Mrs. Jessie McNab Dennis, an assistant curator for Western European arts, had attended the hearing as an observer, since not only her sentiments about the project but her expression of them were not of an order of docility her Director would find serviceable in a witness.
At one point, Vincent Cahill, a hostile speaker, observed how many “professional men” had come down to testify for the Museum:
They are saying this is good and this is beautiful and then building Sixth Avenue and building Park Avenue the way it is and a lot of those men who were tonight speaking for the Museum created those monstrosities.
“At that,” Mrs. Dennis remembers, “I clapped very enthusiastically. When I looked up there was Hoving. He was in a passion. ‘I’ve been watching you,’ he said. ‘It’s obvious you’re very unhappy at the Museum.’ ”
Three weeks later, John Goldsmith Phillips, chairman of her department, invited Mrs. Dennis into his office:
He said, “I’ve had a serious talk with Mr. Hoving and he’s very angry with you. You are merely an employee of the Museum, and you have no right to act as you did. Mr. Hoving says he feels that you are not happy here and that, if you will leave, he will be glad to find you a good job somewhere else.” “No,” I answered, “if Mr. Hoving wants me to leave, he will have to sack me.”
By August, when the Landmarks Commission held its hearing, Hoving had disbanded his troop of witnesses and did not even come himself, having, as he said, a low boiling point. His enemies were left with free play if no visible impact.
But there had been other confrontations, the most exotic in June, when Hoving invited the Art Workers’ Coalition to meet with the trustees. It is possible, in view of his dexterity, that he may have believed that this delegation would be abusive and fatuous enough to erase any small doubt in the trustees’ minds as to the triviality of the opposition. Yet, odd as it may seem, these intruders were hardly as fatuous as the trustees or as vulgarly abusive as the Director. Here is Douglas Dillon’s response to the Art Workers’ Coalition’s indictment of him and his fellow directors as embodiments of war and racism:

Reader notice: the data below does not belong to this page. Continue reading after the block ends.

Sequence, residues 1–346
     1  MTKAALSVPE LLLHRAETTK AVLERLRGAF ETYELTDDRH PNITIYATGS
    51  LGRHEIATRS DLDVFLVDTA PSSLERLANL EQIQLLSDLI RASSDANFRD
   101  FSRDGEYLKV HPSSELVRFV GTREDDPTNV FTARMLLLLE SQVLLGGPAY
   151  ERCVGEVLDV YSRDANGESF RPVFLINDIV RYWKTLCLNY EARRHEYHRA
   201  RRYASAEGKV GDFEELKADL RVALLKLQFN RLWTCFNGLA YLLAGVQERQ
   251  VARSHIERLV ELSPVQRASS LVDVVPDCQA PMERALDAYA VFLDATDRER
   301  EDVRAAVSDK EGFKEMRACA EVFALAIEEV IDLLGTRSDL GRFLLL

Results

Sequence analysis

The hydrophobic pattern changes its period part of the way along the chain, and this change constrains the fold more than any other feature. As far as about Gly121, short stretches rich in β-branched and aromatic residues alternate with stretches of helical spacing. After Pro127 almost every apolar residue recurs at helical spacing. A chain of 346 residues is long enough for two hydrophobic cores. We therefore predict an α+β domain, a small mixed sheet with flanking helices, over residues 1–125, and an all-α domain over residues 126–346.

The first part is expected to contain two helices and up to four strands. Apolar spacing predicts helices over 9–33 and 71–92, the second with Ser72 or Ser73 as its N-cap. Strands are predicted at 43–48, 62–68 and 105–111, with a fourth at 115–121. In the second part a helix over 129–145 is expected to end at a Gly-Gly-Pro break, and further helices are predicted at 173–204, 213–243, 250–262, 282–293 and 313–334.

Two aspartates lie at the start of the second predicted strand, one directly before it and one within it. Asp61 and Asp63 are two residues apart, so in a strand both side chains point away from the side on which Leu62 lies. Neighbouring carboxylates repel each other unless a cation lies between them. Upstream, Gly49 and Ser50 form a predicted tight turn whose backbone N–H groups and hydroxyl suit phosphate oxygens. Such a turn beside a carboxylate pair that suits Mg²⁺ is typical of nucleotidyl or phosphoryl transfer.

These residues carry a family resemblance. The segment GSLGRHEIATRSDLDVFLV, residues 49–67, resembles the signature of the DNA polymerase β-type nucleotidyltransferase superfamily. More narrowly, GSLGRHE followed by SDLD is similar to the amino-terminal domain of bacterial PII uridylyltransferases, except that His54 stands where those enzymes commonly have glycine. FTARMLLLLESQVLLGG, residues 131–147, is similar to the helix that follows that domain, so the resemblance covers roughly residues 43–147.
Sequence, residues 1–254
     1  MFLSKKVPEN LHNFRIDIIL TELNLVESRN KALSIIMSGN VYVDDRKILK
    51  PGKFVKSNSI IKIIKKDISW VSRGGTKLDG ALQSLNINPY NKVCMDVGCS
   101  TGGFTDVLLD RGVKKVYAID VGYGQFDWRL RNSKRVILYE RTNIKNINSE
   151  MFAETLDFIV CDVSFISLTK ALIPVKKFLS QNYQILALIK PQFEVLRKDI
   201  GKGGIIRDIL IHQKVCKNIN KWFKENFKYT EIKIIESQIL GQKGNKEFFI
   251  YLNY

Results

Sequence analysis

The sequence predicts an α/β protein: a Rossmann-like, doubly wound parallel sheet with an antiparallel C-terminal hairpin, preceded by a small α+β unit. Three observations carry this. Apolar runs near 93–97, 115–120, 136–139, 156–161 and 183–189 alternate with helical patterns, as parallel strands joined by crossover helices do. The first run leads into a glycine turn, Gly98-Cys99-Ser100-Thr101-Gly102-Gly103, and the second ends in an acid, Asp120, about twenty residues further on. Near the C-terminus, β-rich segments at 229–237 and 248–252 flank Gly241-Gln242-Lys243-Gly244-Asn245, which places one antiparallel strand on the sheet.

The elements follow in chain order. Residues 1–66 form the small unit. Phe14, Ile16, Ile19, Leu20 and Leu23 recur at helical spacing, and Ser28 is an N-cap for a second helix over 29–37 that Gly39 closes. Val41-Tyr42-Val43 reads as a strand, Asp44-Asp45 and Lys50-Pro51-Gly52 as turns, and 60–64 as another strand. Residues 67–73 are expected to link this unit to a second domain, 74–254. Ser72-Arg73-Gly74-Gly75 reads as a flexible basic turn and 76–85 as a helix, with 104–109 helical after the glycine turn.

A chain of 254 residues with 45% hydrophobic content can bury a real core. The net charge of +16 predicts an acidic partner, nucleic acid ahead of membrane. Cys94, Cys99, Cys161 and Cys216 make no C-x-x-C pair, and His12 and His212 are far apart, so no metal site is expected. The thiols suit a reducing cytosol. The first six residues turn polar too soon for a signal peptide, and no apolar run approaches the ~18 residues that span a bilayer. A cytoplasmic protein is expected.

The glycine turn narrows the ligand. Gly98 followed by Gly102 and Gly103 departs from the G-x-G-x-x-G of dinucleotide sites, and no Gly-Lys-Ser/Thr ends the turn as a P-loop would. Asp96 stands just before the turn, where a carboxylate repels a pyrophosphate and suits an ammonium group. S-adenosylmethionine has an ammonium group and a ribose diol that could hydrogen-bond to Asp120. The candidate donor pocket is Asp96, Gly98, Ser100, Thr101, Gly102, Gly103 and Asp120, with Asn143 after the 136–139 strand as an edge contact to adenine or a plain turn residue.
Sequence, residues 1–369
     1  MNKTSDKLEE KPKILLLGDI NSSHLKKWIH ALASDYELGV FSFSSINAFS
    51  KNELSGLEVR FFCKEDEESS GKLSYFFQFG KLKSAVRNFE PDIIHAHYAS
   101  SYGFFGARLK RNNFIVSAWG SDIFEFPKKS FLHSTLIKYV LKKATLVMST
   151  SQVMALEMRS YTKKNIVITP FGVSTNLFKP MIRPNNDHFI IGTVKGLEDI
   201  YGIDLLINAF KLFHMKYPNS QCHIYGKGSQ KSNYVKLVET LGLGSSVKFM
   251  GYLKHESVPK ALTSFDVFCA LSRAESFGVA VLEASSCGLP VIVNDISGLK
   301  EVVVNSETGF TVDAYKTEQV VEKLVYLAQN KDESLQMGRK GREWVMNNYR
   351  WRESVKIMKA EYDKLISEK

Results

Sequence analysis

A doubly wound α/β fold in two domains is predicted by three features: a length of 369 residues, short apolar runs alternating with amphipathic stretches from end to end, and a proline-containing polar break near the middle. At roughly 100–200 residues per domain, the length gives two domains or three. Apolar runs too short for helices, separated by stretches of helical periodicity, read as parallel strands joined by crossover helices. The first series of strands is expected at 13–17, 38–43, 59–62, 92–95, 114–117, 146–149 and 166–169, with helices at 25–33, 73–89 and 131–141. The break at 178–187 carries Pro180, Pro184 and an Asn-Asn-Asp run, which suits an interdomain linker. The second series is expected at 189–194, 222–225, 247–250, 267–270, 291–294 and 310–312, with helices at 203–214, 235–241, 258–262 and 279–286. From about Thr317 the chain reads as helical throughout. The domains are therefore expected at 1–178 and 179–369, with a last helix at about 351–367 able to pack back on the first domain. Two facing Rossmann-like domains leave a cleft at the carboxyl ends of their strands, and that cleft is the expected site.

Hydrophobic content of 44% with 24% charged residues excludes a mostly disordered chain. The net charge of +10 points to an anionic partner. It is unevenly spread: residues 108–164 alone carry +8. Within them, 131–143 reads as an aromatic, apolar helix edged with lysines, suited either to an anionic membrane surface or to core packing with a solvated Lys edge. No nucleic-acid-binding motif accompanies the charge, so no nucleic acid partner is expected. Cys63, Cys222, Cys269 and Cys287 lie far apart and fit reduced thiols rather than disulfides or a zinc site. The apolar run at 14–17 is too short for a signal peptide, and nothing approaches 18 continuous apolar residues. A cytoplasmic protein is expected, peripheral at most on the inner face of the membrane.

Very stimulating and educational…. Very interesting to all of us here…. We’ll continue to learn from this sort of thing…. Maybe we haven’t done enough…. We want to hear what life impression we as individuals are making.
Here is how Roswell L. Gilpatric dealt with the Art Workers’ Coalition’s challenge to the Museum to find black and Puerto Rican trustees (Robert Lehman seems to have died not entirely sure that his brothers on the board were quite comfortable with Jews): “Let me say a word about that…. I don’t see why it shouldn’t be done in time, which shouldn’t be too far away.”
And here is the Director’s response to challenges too numerous to list:
For God’s sake help the place…. Sit down, you’re gonna get your chance…. What the hell is this. Damn it, Ralph…. For God’s sake, if you don’t get your God-damned inaccurate information out of here….
Even if we concede a single “shit” from the audience, the balance of vulgarity between Hoving and the New Left ended heavily on Hoving’s side.
Still one likes Hoving somehow, at the end, and for reasons arising from more than his appeal to that crude historical imagination which Roger Fry noticed “as the only flaw in the otherwise perfect insensibility” of J. P. Morgan, then president of the Metropolitan. The Rockefeller and Lehman collections and the Temple of Dendur are all monuments to his talents at Acquisition, at wheedling patrons and politicians if you will; and we might expect him rather to bask in the vanity of their possession.
Yet he himself is glad of a chance at the outlying areas; he travels to the Bronx to inspect the Metropolitan’s Eye Opener Exhibit, an itinerant display built around examples of the spiral and paid for by the Billy Rose Foundation. (It is the philosophy of the trustees to ask money from each other when they are collecting and memorializing, but to ask money from government and foundations when they are reaching out.) “Come and see our hole,” a little boy greets him; the exterior of the Eye Opener Exhibit, made of inflated sections of rubber panel, is irresistible to the young with knives.